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Domestic Violence should be treated as a criminal offence

Published: Friday, August 11, 2017

The National Women’s Council of Ireland (NWCI) today welcomed the United Nations Committee Against Torture’s (UNCAT) recommendations in relation to amending the Domestic Violence Bill to include a specific criminal offence of domestic violence that encompasses physical and psychological abuse committed within a relationship.

Orla O’Connor, Director of NWCI said,
“The United Nations Committee Against Torture’s recommendations are very welcome, and echo the amendments that NWCI has proposed to the Domestic Violence Bill. The numbers of women experiencing physical and/or sexual violence remains unacceptably high in Ireland, and NWCI also has concerns regarding appropriate sanctions for perpetrators.  Legislating for domestic violence as a specific offence would recognise the particularly harmful and complex nature of domestic violence. It would assist in the effective policing of domestic violence incidents and send out a clear message of zero tolerance towards violence in the home. NWCI will meet with Minister for Justice Charlie Flanagan in the coming weeks, and will raise this issue with him.”

Orla O’Connor continued,
“Overall, the Committee’s observations in relation to the treatment of women, both historic and ongoing, are to be welcomed. The Committee’s expression of concern at the severe physical and mental anguish and distress experienced by women and girls regarding termination of pregnancy due to the State policies must be followed up by the government announcing a date for a referendum to repeal the Eighth Amendment in spring 2018.”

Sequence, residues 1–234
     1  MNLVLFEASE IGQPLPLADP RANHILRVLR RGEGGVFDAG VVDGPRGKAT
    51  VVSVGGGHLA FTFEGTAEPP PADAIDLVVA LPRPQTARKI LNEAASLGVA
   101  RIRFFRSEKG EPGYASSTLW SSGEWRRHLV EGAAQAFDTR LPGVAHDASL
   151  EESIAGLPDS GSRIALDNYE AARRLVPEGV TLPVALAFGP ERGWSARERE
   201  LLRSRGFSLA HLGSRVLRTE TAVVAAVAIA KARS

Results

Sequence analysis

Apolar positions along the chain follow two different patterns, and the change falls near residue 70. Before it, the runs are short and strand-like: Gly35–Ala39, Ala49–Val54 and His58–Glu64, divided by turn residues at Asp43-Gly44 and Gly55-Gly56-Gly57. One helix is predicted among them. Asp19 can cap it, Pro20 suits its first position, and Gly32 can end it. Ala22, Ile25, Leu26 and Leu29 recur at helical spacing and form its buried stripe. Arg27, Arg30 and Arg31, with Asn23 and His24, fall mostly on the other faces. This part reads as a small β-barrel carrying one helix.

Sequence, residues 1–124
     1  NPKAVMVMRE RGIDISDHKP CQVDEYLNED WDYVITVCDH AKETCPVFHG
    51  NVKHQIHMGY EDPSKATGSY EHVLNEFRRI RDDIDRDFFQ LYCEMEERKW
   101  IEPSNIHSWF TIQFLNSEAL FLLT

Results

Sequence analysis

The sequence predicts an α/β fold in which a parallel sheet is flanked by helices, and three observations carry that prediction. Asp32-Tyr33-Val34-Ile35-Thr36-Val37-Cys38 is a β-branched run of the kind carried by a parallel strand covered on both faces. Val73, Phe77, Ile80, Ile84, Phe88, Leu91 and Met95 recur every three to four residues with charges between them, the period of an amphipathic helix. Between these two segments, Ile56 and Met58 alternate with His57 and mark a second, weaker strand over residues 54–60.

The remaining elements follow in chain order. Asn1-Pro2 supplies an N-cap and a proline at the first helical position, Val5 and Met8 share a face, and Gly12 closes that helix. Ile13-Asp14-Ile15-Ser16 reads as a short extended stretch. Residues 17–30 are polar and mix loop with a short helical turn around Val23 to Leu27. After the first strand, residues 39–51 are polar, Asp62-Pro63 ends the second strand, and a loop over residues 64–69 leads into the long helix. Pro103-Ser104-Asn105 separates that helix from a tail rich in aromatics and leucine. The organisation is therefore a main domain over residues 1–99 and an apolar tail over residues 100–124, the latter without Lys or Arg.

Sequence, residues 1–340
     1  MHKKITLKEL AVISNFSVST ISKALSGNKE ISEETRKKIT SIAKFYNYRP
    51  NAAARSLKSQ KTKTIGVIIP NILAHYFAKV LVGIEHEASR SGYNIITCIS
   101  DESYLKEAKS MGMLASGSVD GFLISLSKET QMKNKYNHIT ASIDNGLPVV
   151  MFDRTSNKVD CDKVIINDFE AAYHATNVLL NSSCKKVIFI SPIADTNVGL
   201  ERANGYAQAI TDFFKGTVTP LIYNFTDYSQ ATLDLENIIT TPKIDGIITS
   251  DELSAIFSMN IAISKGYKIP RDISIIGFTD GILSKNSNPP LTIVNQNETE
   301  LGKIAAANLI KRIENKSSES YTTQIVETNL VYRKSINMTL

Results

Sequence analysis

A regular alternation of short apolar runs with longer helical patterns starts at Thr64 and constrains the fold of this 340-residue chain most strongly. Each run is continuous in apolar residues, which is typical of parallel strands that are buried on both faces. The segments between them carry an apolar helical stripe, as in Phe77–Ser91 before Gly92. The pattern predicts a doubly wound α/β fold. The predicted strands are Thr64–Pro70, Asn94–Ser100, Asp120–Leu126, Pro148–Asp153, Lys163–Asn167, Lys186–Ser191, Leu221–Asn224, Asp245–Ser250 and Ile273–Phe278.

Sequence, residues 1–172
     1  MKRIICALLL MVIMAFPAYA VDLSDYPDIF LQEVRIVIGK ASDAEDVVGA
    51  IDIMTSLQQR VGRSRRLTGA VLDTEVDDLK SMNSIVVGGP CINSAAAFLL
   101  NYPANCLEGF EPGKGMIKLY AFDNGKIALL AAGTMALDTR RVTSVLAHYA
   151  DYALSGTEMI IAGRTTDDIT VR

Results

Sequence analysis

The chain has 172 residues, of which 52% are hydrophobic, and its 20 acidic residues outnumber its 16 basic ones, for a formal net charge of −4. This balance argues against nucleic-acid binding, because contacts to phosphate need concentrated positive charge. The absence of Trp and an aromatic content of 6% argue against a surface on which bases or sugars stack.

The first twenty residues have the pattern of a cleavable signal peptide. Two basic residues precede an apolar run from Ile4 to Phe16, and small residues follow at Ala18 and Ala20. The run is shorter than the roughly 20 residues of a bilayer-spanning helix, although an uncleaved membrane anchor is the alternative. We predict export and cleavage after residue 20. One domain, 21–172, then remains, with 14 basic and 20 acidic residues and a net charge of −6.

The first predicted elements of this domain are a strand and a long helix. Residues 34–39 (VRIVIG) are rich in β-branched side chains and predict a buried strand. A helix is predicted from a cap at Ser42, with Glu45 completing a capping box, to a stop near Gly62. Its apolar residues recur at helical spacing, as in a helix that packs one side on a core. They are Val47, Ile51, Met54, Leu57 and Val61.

“As yet another international body have called for the State to undertake a thorough, impartial investigation into allegations of ill-treatment of women at the Magdalen Laundries, and of the treatment of women who have subjected to a symphysiotomy , it is imperative that the State acts on these recommendations. Women can not achieve equality until we ensure justice for historical abuse and mistreatment of women.”

Orla O’Connor concluded,
“As Ireland’s record on the protection and promotion of women’s rights is again criticised, it is clear that while significant positive advancements have occurred for women’s equality, there remains persistent structural inequalities for women in Ireland. Women want to live in a society free from violence, one which values their right to make decisions about their future and their own medical decisions, and one which fully investigates and redresses historical abuse of women. The Irish Government must show political leadership now to accelerate the pace of change for women’s equality.”

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